Black’s RL Stein character has a buffoonish arrogance and garrulously opaque diffidence to it; while the younger characters are representative of modern kids today, Black’s performance goes well beyond what the film reasonably asks the audience to accommodate. There’s comedy elements to almost all the adults – Zach’s Aunt Lorraine, portrayed with real comedic timing by Jillian Bell, is another dull-witted caricature but it works for the film’s sense of playfulness, while a pair of dithering, imbecilic cops provoke more eye-rolls than belly-laughs – but Black is severely let down by a tic-laden character with almost zero redeeming interest for the audience. Black’s awful accent and weird enunciation make for a thoroughly squirm-inducing viewing every time he’s on the screen.
Blessedly, Back ain’t the central role, no matter how much the promotional material might disagree. Dylan Minnette and
Mila Kunis sorry, Odeya Rush, as the twin romantic leads in this escapist jaunt, are effortlessly watchable, and have a solid chemistry together than leapfrogs much of the film’s inherent silliness. Although their characters are let down by shoddy scripting in terms of character development, what threadbare elements they can work with offer at least a minimal sense of tangible realism to a film filled with CG monsters and plagiarised set-piece design.
Goosebumps apropos early scene involves Minnette and
Kunis Rush having a romantic interlude inside an old amusement park; the film is analogous to a theme park in that once the monsters start to come out, the film goes for bigger, bigger and enormous visual experience – nothing is left in the tank by the end, a cacophonous gaggle of thematic cliches including an insidious doll, zombies (referred to as “ghouls” here, so as not to terrify the impressionable in the audience), gigantic animals in the form of a massive preying mantis, as well as werewolves and creepy clowns. Adults will appreciate the specific nods to films past – one of the characters even alludes to The Blob, which appropriates itself late in the movie when a giant gelatinous blob arrives to suck Stein to his doom – while kids will just laugh and chuckle at how silly it all is. Although it’s not creatively fresh, and merely restructures horror archetypes for its own amusement and glory-porn CG, everybody appears to still be having a good time so you just kinda let it slide and have fun.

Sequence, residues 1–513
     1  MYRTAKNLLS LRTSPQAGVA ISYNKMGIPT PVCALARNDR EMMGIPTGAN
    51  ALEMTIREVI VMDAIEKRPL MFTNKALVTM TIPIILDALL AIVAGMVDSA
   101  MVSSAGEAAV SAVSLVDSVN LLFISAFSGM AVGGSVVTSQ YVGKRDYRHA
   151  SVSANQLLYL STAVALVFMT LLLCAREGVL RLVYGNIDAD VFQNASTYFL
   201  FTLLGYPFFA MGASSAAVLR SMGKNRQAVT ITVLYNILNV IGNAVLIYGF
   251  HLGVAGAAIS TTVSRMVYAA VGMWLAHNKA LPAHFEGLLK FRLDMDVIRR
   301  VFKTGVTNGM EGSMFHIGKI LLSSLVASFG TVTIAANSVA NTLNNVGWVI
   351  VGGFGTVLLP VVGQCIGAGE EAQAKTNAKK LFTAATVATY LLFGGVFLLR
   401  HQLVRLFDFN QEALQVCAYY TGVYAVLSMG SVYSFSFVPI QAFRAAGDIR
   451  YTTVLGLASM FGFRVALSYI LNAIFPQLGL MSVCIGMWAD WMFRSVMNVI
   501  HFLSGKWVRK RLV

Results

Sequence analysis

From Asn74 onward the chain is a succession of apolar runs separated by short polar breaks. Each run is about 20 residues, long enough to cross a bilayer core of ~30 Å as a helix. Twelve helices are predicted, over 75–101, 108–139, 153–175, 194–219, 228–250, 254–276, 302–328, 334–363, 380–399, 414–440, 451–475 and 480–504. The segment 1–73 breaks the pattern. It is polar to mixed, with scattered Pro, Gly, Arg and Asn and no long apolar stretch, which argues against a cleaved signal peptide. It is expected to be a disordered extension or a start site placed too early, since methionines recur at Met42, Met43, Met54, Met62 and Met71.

Letterman’s approach to directing action is… well, I’m not quite sure. The film’s key set-pieces of action include a terrific Gnome Attack inside Stein’s house, a blatant rip-off of Emmerich’s Godzilla as the giant Mantis chases our heroes through Madison’s streets, an attack by the Abominable Snowman inside a skating rink, and the predictable “last stand” motif as the students of the high-school barricade themselves inside the gymnasium, Dawn of The Dead style, while monsters try to access the facility. None of these scenes feel like they’re doing anything new (save for the Gnome attack scene, which is handled with considerable dexterity as the diminutive creatures attack en masse to threaten the lives of our heroes) and Letterman’s camerawork and editing is both clumsy and half-baked. Ratcheted frame-rates and poorly chosen hand-held shots mix with more traditional “Spielbergian Stateliness” and you get the sense that Letterman just hoped the production crew would get the stuff he needed to put things together in the editing room.
Goosebumps has just enough saving graces to make one overlook the film’s poorer aspects; it’s a breezy, frothy, occasionally scary but always energetic romp into the world of RL Stein’s successful literary world, and will entertain through sheer velocity rather than the manic performances of most of the cast. Jack Black is hideously miscast (or over-directed) in this, but the young leads and the gamut of recognisable monsters, coupled with some great visual effects and a sense of genuine jeopardy, make Goosebumps a nice little rollercoaster ride to jump on. Never a genuine classic, but still worth a look.